- The Washington Times - Saturday, January 14, 2006


By Keith D. McFarland and David L. Roll

Indiana University Press, $35, 452 pages, illus.


Gratitude is a very rare virtue in democratic society, especially in the world of elected politics. Nowhere can this axiom be seen more vividly than in this major biography done by Keith McFarland of Texas A&M; University at Commerce and David Roll of the firm of Steptoe and Johnson.

Louis Johnson started out as a law school graduate from the University of Virginia and with an older friend, Philip Pendleton Steptoe, founded Steptoe, Rixley, and Johnson which became one of the best known law firms in Clarksburg, W. Va. and then in the United States.

Johnson was not content to focus only on his law practice, but became a figure in American Legion veterans politics. He wisely supported the rising Franklin D. Roosevelt, and eventually was rewarded with the assistant secretary of war position. Under U.S. statutes, the assistant secretary had direct responsibility for procurement, and Johnson used that power in the most expansive ways.

The authors point up Johnson’s continual insubordination toward Secretary of War Harry Woodring, but his behavior was no more egregious that FDR’s own actions as assistant secretary of the Navy earlier in World War I. In fact President Roosevelt encouraged the competition between Woodring and Johnson, swinging himself between military preparedness and isolationism until the Nazis came perilously close to overrunning all of Europe.

Also, FDR had repeatedly promised Johnson that he would soon become secretary of war, but as the years passed by he decided to bring in Republican Henry Stimson to convey a sense of a bipartisan wartime coalition. Johnson was deeply offended, and rightfully so, for he remained loyal to a president for whom deviousness was a way of life. As one of Roosevelt’s whiz kid advisers told a bitter Johnson — in politics, promises are made to be broken.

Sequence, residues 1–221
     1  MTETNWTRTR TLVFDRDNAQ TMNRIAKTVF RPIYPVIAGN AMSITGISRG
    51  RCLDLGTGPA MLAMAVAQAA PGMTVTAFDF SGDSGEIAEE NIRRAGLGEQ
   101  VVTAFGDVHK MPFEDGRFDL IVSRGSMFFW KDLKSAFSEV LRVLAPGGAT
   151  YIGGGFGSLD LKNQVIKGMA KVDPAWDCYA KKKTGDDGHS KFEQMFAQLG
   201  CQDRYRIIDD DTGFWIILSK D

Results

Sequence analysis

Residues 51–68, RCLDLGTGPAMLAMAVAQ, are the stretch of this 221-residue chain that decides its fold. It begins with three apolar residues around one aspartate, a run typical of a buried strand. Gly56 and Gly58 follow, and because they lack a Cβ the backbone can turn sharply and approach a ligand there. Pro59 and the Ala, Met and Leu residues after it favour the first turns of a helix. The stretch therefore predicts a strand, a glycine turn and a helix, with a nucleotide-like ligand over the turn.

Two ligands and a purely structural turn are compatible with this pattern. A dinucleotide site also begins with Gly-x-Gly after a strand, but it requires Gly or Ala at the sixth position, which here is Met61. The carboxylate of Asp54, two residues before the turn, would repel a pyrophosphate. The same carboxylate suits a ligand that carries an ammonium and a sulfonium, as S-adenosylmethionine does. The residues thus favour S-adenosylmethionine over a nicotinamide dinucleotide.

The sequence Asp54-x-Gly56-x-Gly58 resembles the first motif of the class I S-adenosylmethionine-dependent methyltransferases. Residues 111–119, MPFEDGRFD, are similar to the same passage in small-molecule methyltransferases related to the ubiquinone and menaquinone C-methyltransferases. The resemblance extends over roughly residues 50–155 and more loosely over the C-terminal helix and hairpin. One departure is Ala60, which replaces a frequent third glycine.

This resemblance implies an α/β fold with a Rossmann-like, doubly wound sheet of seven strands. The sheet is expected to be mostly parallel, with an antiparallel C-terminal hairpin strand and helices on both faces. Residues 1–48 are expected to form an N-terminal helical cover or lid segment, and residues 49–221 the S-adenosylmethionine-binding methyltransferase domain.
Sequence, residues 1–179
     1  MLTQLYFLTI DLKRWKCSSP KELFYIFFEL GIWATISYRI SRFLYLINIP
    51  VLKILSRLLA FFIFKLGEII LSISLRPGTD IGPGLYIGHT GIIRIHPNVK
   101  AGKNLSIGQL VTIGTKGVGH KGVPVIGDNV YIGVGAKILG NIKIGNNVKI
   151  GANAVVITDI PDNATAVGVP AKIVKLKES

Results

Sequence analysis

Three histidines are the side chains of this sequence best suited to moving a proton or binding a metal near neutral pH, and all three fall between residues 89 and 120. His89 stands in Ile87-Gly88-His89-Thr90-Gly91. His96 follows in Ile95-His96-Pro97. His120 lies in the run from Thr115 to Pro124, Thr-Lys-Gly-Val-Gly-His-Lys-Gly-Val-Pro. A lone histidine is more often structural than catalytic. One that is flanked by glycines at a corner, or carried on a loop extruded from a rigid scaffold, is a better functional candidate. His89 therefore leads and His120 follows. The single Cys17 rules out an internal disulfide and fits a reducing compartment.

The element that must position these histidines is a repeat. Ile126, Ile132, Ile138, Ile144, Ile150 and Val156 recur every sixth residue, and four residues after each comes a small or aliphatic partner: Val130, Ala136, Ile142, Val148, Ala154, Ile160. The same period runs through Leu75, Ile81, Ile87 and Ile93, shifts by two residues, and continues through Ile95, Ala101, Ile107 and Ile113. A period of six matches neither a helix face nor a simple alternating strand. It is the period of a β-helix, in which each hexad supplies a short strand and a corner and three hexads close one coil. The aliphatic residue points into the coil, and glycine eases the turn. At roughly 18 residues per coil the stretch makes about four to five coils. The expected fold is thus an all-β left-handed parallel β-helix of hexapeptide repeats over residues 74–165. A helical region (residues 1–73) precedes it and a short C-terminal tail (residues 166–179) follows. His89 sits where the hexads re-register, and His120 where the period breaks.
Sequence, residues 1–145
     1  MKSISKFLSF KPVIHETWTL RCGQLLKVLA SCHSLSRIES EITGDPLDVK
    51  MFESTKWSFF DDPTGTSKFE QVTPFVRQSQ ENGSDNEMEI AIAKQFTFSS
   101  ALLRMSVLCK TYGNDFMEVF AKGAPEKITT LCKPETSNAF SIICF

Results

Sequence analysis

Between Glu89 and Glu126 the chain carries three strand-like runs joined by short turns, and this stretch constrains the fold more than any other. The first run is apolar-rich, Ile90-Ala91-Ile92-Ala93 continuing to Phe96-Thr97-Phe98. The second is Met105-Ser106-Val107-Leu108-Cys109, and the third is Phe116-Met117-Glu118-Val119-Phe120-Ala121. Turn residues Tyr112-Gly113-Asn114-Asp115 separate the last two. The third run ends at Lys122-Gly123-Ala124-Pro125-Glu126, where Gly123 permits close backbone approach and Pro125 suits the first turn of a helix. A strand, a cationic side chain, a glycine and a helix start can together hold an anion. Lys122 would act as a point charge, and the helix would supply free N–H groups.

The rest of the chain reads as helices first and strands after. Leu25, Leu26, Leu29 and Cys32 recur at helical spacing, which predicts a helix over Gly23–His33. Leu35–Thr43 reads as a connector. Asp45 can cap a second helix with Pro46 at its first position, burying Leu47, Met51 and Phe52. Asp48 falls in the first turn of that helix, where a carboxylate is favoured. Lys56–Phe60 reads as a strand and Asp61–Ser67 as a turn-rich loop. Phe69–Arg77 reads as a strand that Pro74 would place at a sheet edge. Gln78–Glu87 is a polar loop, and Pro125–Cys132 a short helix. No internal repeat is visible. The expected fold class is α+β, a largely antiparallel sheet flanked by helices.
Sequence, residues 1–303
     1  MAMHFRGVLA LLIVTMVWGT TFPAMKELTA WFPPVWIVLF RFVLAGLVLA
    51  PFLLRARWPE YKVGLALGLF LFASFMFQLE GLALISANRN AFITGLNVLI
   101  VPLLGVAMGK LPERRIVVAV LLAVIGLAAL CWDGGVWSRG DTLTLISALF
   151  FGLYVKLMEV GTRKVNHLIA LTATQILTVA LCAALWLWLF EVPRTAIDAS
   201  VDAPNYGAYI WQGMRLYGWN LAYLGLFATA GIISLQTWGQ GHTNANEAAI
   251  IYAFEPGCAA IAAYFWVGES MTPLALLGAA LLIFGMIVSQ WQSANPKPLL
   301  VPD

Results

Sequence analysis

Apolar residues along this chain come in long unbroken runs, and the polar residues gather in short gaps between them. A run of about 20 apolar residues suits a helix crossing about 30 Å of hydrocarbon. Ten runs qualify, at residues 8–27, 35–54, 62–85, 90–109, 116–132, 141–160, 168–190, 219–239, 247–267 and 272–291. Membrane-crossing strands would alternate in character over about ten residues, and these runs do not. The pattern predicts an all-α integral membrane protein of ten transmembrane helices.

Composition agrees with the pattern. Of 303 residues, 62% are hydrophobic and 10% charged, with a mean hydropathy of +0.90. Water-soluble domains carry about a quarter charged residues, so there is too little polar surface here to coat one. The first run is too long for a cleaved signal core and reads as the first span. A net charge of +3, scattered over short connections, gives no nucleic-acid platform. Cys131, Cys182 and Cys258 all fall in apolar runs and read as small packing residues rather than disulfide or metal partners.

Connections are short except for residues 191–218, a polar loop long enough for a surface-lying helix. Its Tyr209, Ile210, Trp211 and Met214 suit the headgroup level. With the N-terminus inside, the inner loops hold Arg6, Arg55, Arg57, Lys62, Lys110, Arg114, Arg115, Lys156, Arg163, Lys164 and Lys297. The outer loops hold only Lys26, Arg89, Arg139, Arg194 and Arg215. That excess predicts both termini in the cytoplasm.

Johnson returned to his old law firm and made it a major player in Washington DC national politics. But FDR had some pangs of conscience and appointed Johnson as his personal representative to India. There the take-charge envoy brokered an intelligent settlement that would peacefully end British imperialism in that subcontinent.

But Churchill rejected it, and FDR was forced to side with the prime minister during the war despite the president’s own disdain for imperialism. Johnson had been let down again.

Johnson had been mentioned as a possible vice president candidate in 1940 and FDR encouraged his ambitions (and those of a half dozen others). But as the authors relate, again and again, Johnson remained loyal to the president and the Democratic party.

In 1948, he almost singlehandedly raised the money that allowed Harry S Truman to barnstorm America to such effect. And Truman in return named the management-oriented Johnson to run the newly organized Defense Department and demanded that the secretary cut the defense budget down to post war size.

It was his task to take the heat from the military and Congress after such decisions — this he did routinely and became of course controversial in the process. After 18 months, Truman asked for his resignation. It is not uncommon for change agents to be deemed dispensable once they have accomplished the very tasks they were hounded to do by their superiors.

This study of Louis Johnson is one of a dedicated and intensely ambitious man who was generally correct in the need to rearm America and to trim down later the peacetime armed forces. Korea and the Cold War meant a new scenario was in order.

But as with all of us his virtues became his vices. He was self assured and a bully; honestly determined and pigheaded; hardworking and singularly driven. Still Johnson emerges as a man who at times exhibited more personal loyalty than the better known men he served.

Michael P. Riccards is the author of a two volume history of the American presidency, “The Ferocious Engine of Democracy.”

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